Tracking and tracing now is less valuable than it would have been six months ago.
Health Minister Zweli Mkhize Picture: Jacques Nelles
There’s been plenty of scaremongering on social media about the Covid-19 smartphone app which President Cyril Ramaphosa touted on Wednesday night.
Ramaphosa urged South Africans to download and use the app (installation of which will be mandatory for all foreign visitors, he said) to help government track and trace the contacts of those who test positive for coronavirus. The app has been “zero-rated” by the cellphone networks, so downloading it will not raise data charges for the user.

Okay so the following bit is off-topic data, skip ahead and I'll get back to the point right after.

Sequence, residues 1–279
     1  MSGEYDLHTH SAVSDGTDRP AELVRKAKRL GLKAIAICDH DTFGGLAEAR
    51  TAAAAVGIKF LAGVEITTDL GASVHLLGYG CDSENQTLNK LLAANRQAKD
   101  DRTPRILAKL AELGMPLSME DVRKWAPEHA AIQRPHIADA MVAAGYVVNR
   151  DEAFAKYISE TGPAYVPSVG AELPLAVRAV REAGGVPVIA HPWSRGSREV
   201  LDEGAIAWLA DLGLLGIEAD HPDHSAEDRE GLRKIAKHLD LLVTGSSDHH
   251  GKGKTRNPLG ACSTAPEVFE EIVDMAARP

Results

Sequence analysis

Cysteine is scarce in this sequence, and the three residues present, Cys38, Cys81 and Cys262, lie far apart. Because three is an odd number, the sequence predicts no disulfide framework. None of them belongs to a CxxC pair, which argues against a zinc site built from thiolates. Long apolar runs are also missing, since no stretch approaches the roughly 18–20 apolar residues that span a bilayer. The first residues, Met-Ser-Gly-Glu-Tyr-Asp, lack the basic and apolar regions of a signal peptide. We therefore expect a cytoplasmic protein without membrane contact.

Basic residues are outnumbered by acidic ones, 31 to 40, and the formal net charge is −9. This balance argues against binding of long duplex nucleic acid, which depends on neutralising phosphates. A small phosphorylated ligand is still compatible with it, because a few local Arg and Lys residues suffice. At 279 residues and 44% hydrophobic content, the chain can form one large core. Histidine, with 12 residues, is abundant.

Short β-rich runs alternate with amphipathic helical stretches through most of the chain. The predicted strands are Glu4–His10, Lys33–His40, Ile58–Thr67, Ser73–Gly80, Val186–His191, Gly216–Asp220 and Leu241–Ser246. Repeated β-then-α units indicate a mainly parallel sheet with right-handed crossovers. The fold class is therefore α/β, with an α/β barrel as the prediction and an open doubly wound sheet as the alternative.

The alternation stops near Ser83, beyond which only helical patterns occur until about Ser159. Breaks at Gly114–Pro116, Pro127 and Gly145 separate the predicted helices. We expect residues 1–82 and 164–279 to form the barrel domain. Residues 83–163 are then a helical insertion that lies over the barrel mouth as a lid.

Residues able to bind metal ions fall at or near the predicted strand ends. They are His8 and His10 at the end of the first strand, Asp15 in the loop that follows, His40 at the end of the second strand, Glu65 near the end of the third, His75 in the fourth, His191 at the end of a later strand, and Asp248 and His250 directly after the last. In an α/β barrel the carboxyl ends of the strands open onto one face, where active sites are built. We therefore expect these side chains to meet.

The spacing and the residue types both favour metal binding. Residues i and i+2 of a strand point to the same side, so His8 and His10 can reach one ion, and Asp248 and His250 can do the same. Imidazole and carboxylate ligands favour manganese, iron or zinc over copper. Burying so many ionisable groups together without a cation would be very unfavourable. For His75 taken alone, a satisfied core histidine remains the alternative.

The libertarians and conspiracy theorists have been complaining that the app is some sinister way the government can track your movements.
That ignores the reality that any data needed for the app to function stays on the phone and is not sent to a central data base. And, if there is such a privacy concern, why is no one complaining about the big internet giants like Google, Facebook and Twitter, which demand you sign away virtually all of your rights (to anything) as a condition of using their platforms?
The more important question is why this app has only been made available now, when the pandemic here is on the wane. Tracking and tracing now is less valuable than it would have been six months ago.
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